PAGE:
Oral Presentation The Annual Scientific Meeting of the Endocrine Society of Australia and the Society for Reproductive Biology 2014

Relaxin deficiency enhances vascular contractile reactivity in the late-pregnant mouse. (#28)

Sevvandi N Senadheera 1 , Sarah A Marshall 1 , Chen H Leo 1 , Marianne Tare 2 , Laura J Parry 1
  1. University of Melbourne, Parkville, VIC, Australia
  2. Physiology, Monash University, Clayton, Victoria, Australia

Pregnancy is associated with a reduction in peripheral vascular resistance, underpinned by structural remodelling and altered reactivity of the endothelium and smooth muscle. The peptide hormone relaxin plays a major role in regulating the maternal renal vasculature during pregnancy. We have also demonstrated that relaxin deficiency in rats and mice results in increased uterine artery stiffness in late pregnancy, affecting uterine blood flow. Little is known about the actions of relaxin on vascular reactivity. Therefore, this study tested the hypothesis that vascular reactivity will be altered in the uterine and mesenteric arteries of pregnant relaxin knock-out (Rln-/-) mice.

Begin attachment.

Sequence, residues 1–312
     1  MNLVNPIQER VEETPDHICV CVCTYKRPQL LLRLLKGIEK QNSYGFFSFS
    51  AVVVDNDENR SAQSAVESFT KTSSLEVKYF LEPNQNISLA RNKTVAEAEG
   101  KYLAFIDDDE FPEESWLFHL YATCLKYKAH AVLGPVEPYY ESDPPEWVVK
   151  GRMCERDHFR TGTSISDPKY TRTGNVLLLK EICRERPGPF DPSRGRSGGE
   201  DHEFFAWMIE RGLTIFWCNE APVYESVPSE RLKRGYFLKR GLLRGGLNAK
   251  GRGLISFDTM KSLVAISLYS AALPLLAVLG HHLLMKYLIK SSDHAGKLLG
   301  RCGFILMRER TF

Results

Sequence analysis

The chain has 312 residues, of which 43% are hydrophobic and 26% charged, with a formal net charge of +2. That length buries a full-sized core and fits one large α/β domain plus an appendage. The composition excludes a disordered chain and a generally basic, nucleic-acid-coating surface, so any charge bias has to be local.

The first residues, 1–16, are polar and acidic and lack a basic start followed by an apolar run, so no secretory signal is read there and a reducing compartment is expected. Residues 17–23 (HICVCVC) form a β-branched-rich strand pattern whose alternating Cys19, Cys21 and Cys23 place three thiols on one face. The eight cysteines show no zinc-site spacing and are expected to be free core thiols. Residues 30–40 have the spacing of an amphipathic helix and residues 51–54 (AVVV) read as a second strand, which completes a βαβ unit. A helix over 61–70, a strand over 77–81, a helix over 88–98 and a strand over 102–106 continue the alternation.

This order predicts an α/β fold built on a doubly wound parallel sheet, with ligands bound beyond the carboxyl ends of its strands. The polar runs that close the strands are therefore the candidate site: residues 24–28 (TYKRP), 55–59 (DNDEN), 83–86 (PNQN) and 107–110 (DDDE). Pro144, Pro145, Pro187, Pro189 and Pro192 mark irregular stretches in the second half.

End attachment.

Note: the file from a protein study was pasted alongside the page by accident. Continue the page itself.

In late-pregnant (day 17.5) mice, myogenic reactivity was assessed in uterine arteries using pressure myography. Endothelial and smooth muscle reactivity was examined in small mesenteric arteries using wire myography. Myogenic reactivity was enhanced in uterine arteries from pregnant Rln-/- mice compared to age-matched wild-type (Rln+/+) animals. To examine the role of endothelium-derived vasodilators nitric oxide (NO) and prostanoids in the regulation of myogenic reactivity, the NO synthase inhibitor, L-NAME (200 ┬Ámol/L) and cyclooxygenase inhibitor, indomethacin (1 ┬Ámol/L) were used. Treatment with L-NAME and indomethacin further enhanced myogenic reactivity in uterine arteries from both groups. In mesenteric arteries the sensitivity to vasoconstrictors, angiotensin-II and phenylephrine were enhanced in pregnant Rln-/- mice, with no change in response to the thromboxane A2 analogue U-46619 and endothelin-1. Responses to the endothelial agonists, acetylcholine and Bradykinin, were unaltered between the two groups.

In summary, our data show that myogenic reactivity and sensitivity to vasoconstrictors are enhanced in the vasculature of late-pregnant Rln-/- mice. Thus, relaxin deficiency results in an increase in peripheral vascular resistance, which may contribute to vascular complications of pregnancy including hypertension and intrauterine growth restriction.